Nourish Nashville Hits a Home Run: Recap



What do you get when you invite four of the region's top chefs to come to Nashville to join forces with some of the best local talent in town? In the case of the Nashville Food Project's Nourish dinner last month, you get a resoundingly successful dinner that raises several #10 cans worth of money for a very worthy cause.

Only five people put the massive together the massive June 19 event, including local real estate exec/food diplomat Thomas Williams and Judy Wright, who I was lucky enough to share the kitchen with for a memorable afternoon of cooking for some of Nashville's disadvantaged. A packed house of 250 diners filled the main hall at the Nashville Farmers' Market, and there were still folks clamoring to get on the wait list the day of the event.

Those procrastinators missed out on a lively silent auction where some attendees were not above a little hip-checking to protect their bid on the long list of food and travel-related items that had been gathered by the small committee. I did write my name on a few items, but I was so distracted by the outrageous passed hors d'oeuvres that local favorites Hal Holden-Bache and Jason McConnell had prepared, I was aced out on every single item. I'll choose their food over fighting off rabid bidders any time.

Particularly tasty were Holden-Bache's Beef Heart Tartar on Crostini with Kale and Peanut Pesto, and McConnell's Truffled Lima Bean Puree and Blistered Cherry Tomato Crisps, which may have changed a lot of people's opinions of that maligned legume left over from their elementary school cafeteria days. Servers were quick to restock their trays as folks hungrily gobbled down the appetizers, though I don't recall if they mentioned the word "heart" when describing the tartar. It worked for me.

The sit-down dinner was well-paced and admirably emceed by Nashville food legend John Egerton. The assembled crowd never got restless between courses as members of the Nashville Food Project explained the mission of the organization and a very professional and fast-talking auctioneer sold off live lots of some of the bigger trips and foodie experiences.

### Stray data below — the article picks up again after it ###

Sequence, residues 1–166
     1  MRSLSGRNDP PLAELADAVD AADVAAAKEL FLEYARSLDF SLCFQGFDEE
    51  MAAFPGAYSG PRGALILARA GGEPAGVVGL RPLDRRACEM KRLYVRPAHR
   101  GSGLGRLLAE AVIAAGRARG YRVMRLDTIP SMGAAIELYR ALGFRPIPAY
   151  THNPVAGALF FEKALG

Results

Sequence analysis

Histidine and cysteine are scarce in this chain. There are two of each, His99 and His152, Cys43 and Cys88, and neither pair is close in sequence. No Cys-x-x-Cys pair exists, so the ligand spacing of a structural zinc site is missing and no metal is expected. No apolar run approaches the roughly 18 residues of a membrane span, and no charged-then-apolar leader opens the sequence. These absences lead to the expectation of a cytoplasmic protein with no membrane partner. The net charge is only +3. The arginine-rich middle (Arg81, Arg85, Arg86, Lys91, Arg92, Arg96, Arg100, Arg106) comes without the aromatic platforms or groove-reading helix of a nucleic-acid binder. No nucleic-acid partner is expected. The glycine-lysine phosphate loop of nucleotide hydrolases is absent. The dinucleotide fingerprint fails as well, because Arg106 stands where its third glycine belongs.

Chef Ryan Smith of Empire State South led off the dinner with a delicious dish of Tomato Terrine, fromage blanc, Bread, Crackers, Country Ham and Fennel, which was finished with an olive oil that was actually produced in Georgia. Chef John Fleer from Canyon Kitchen at Lonesome Valley in Cashiers, N.C., followed up with a Pig Bread Crusted Sunburst Trout, Rum-Sorghum Glazed Pork Belly and Chili Braised Tuscan Kale, which was a wonderful presentation of the delicate fish.

I often complain that there's just not enough rabbit on menus around these parts, and Taylor Ricketts of the Delta Grill in Greenwood, Miss., treated us to a Beurre Noisette Poached Rabbit Saddle Roulade, Burrata Risotto, Pear Confit, Fried Sweet Potato Greens, Acacia Honey with Dried Fruit and Almonds. It was outrageous! Finally for dessert, Chef Tandra Watkins of Ashley's at the Capital Hotel in Little Rock, Ark., presented a lovely Blueberry and Buckwheat Upside-Down Cake with Coriander that was the perfect finish to a spectacular meal.

Well, actually, the perfect finish came about a half-hour after dessert when I was hanging around outside the market as volunteers cleaned up the dining hall and some of the assembled chefs enjoyed a cold beer and stretched their muscles after a long day of prep and cooking in an unfamiliar kitchen. As a thank-you to the staff and the chefs, the organizers of Nourish had sent an intrepid volunteer up to Prince's to order 12 whole chickens.

The visiting chefs were familiar with the legend of hot chicken and were anxious to try some of the infernal bird. Williams had been kind enough to order various heat levels, but most of the chefs dove right for the hot and extra-hot. It was hilarious to watch their heads snap back at the first bite of Satan's fowl, but they were committed to the full experience. Locals offered advice about not wiping their eyes and to be sure to wash hands before going to the bathroom, but mainly we just stood around and chuckled while the sweat streamed down the faces of these culinary artists. Fortunately, I'm pretty sure all the visitors drove to town, thus avoiding my consistent admonition to first-timers never to schedule any air travel within 24 hours of hot chicken.

In the end, the event raised more than $80,000 for the Nashville Food Project to help them with their mission of using volunteer labor to address the problems of poverty and food insecurity in Nashville. The attendees got a great meal and had a fun time, the chefs enjoyed each others company and were genuinely enthused about helping out our community, and this worthy organization helped replenish their coffers for another year. They promise that this will be an annual event, so plan to join in the fun next year.

The chefs BEFORE hot chicken
  • The chefs BEFORE hot chicken

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